Social inclusion and mental health

At CBM, we recognise that social inclusion and good mental health are essential to the well-being of individuals and their families. The evidence shows that apart from the personal impact of social exclusion, there is an enormous loss to communities if people with mental health conditions are not able to participate in the economy and broader society. In recognition of this impact, the World Health Organization has now included mental health as one of its Sustainable Development Goals.

Mental health and poverty

Many of the poorest countries in the world spend less than 1% of their health budget on mental health support. For people living in such poor communities, the consequences can be dire. Not only do they experience higher rates of poverty and unemployment, and poor health and education systems than those living in more affluent conditions, but they are also more likely to experience poor mental health outcomes, such as depression, anxiety, substance abuse and social isolation. With limited access to mental health services, addressing mental health conditions early becomes difficult, increasing vulnerability to severe mental illness.

Mental health challenges

Mental health conditions are a common and leading cause of disabilities worldwide, accounting for approximately one-third of all global mental health issues and disabilities according to research by the World Health Organization (WHO).

Mental illness such as depression, schizophrenia, and other psychotic conditions, as well disorders such as epilepsy, dementia, alcohol, and substance misuse often cause distressing symptoms that are not prioritised by health services.

Fortunately, in the last decade, there has been significant growth in interest in mental health and mental well-being as a development issue.

Financial support from Australians in recent years enabled CBM Australia to transform the health and lives of more than 5.53 million people with disabilities and their families. This included the development of peer support groups in Nigeria that provided more than 25,000 people with access to medication to manage psychosocial disabilities including psychosis.

The need for community-based programs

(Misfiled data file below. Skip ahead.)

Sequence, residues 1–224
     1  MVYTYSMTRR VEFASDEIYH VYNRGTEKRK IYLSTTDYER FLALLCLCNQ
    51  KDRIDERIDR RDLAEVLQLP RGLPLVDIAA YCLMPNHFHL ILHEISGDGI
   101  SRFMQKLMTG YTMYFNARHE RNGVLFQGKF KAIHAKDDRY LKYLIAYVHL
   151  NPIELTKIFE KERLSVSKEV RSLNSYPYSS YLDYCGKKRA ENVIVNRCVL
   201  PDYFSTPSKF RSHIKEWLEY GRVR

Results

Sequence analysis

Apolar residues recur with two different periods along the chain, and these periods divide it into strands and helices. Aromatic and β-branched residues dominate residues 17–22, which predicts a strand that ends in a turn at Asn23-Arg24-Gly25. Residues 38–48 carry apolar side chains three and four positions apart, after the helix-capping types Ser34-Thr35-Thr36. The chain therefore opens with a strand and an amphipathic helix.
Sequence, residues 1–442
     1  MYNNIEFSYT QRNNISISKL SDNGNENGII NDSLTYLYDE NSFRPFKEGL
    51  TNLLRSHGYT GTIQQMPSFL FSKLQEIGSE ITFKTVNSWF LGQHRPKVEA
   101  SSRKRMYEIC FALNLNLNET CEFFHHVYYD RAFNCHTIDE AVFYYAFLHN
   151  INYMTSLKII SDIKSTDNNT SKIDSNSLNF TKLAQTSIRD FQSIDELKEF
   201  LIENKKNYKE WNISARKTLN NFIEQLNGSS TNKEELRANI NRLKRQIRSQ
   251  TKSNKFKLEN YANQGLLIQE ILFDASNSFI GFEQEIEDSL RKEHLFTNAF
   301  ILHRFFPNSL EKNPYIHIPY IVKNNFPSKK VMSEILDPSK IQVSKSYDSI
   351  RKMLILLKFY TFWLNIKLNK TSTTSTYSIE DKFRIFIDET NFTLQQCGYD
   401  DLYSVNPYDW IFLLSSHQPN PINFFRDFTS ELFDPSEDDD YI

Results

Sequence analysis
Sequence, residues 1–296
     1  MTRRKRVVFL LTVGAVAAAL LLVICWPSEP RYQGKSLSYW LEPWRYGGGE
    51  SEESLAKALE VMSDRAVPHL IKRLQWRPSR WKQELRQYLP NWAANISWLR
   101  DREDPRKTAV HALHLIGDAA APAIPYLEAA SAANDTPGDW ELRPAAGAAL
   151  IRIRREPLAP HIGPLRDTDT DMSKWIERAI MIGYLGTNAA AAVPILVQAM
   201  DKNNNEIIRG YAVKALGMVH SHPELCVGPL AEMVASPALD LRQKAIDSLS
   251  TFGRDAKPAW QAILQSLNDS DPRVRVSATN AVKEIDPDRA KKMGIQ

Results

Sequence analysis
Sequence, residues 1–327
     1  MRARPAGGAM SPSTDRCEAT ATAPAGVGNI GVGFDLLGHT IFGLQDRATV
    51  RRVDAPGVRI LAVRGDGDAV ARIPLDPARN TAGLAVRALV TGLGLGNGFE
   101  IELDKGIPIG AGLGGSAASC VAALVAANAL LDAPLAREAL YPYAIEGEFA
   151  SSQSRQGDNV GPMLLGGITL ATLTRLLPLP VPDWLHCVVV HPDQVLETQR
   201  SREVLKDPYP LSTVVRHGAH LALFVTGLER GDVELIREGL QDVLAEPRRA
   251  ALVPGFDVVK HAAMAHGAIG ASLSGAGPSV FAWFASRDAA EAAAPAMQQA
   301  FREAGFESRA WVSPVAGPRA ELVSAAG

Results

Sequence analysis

There is strong evidence of the urgent need for effective, culturally appropriate and community-based interventions and treatment. No one should be isolated or marginalised just because they have a disability.

CBM programs provide opportunities for people with disabilities in developing countries to become agents for local change and social inclusion. These programs enable people to build local support groups, raise awareness and advocate for their own human rights, in line with the UN Convention on the Rights of Persons with Disabilities (CRPD)

There is still a lot of work to be done. However, through this approach, more people with mental health issues will be able to receive the support they need to assist them on their path to recovery and full participation in their community.

How we help

CBM works with people to improve social justice and inclusion in mental health in the following ways:

Strengthening local voice

Individuals find out and understand their rights, share and learn insights on mental health and well-being issues and gain skills to advocate for themselves and their community. This brings the local voice of people with mental health conditions and disabilities to the forefront with the issues they know are central.

Community development

Our partners and organisations of people with disabilities work with families and communities to raise awareness and reduce stigma relating to mental health. This builds understanding and breaks down barriers, so people with mental health conditions have opportunities including a social life, earning a decent living and access to other services.

Influencing government

By demonstrating what is possible through our community development work, we influence governments to strengthen policy, improve legislation and invest in inclusive mental health care and social care services.

Our work in West Africa and Asia

CBM supports a number of projects focusing on community mental health in Asia and West Africa. The projects cover a range of activities including the training of national and regional mental health leaders at a grassroots level and generating policy support.

CBM aims to bring about long-lasting change to benefit the lives of those with mental health conditions and the communities in which they live.

Image: Senior Disability Inclusion Advisor, Karen Heinicke-Motsch, with UNICEF staff at an inclusive early childhood centre in Papua New Guinea.

Our work in Papua New Guinea

CBM Australia partnered with UNICEF Australia to support disability inclusion in Papua New Guinea’s Early Childhood Development (ECD) programs, providing disability-specific supports and mental health services for young children with disabilities and their families. The results of this program have influenced the PNG Government’s commitment to inclusive early childhood development and early education policy.

Find out more about our International Programs